AUSTIN (KXAN) — After large protests two years ago, the Austin Police Department released a report about how its officers responded then and led to policy changes now, which made the police chief promise the city “will not see a repeat of the events of 2020.”
Chief Joseph Chacon said the After Action Report identified 17 areas where the department could work to improve its protest response. The department took on this review after crowds formed outside police headquarters downtown during the summer of 2020 to protest the deaths of George Floyd and Mike Ramos.
“I can promise you that we will never see another response similar to the one in summer 2020,” Chacon said during a news conference Friday afternoon. He was not the chief during the time of the protests.
Of the 17 changes, Chacon highlighted updated de-escalation techniques for cadets and current officers, improvements to preparing for crowd control and riot management as well as training to better coordinate among various APD units. He admitted that officers were unprepared and undertrained to handle what unfolded during the summer of 2020.
“These changes… will ensure that we are better prepared, better trained, better equipped that we’ve ever been before,” Chacon said.
Chacon also said one strength focused on officers working through “substantial abuse” from the crowds and “their dedication to service and safety,” Chacon said. Additionally, he brought up the department’s decision to end use of “bean bag” rounds that seriously injured people when officers fired at them.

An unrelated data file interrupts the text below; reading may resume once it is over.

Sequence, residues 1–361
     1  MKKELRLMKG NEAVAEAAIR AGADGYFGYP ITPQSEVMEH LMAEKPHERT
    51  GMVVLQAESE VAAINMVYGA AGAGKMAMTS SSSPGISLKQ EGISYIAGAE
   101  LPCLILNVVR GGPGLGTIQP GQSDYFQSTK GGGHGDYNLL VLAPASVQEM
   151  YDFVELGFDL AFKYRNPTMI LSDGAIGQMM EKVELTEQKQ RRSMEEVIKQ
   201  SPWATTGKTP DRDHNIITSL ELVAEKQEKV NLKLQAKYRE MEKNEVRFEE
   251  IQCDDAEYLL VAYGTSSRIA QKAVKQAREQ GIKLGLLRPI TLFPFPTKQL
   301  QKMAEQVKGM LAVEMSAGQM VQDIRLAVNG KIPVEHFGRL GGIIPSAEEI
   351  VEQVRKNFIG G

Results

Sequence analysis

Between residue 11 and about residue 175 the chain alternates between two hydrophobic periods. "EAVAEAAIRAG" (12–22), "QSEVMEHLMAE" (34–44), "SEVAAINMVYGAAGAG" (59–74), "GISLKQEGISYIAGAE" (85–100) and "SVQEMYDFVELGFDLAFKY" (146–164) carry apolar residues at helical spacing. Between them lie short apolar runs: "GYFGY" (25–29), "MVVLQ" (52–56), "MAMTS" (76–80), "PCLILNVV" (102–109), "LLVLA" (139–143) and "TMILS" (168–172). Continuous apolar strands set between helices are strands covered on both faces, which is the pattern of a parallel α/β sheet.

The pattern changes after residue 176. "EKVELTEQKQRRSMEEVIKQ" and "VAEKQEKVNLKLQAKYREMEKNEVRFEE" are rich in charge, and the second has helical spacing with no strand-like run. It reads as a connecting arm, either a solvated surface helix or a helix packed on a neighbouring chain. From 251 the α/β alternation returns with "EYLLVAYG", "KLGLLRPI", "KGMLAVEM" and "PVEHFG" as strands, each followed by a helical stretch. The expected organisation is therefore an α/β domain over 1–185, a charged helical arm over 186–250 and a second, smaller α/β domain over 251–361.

The department had already previously announced it planned to discontinue the use of the bean bag rounds, but Friday – Chacon said that decision was made two days into the protest action when department leadership discovered they were faulty.
The City has settled multiple lawsuits with people we were hit in the face. Some cases are still making their way through the legal system. An attorney representing a protester in one of the ongoing cases said he still has concerns over crowd control devices.
“I don’t know how much of the issue was the thing they were using to shoot people in the face as opposed to the concept of shooting people in the face as a form of protest engagement.” said Maff Caponi, who’s representing a protester in a suit filed last month.
Chief Chacon said he could not comment on officers’ intentions because some have been indicted and others are under internal review.
The police chief worked to explain why this report took more than two years for the department to release publicly. He said the ongoing review along with leadership changes last year contributed to that.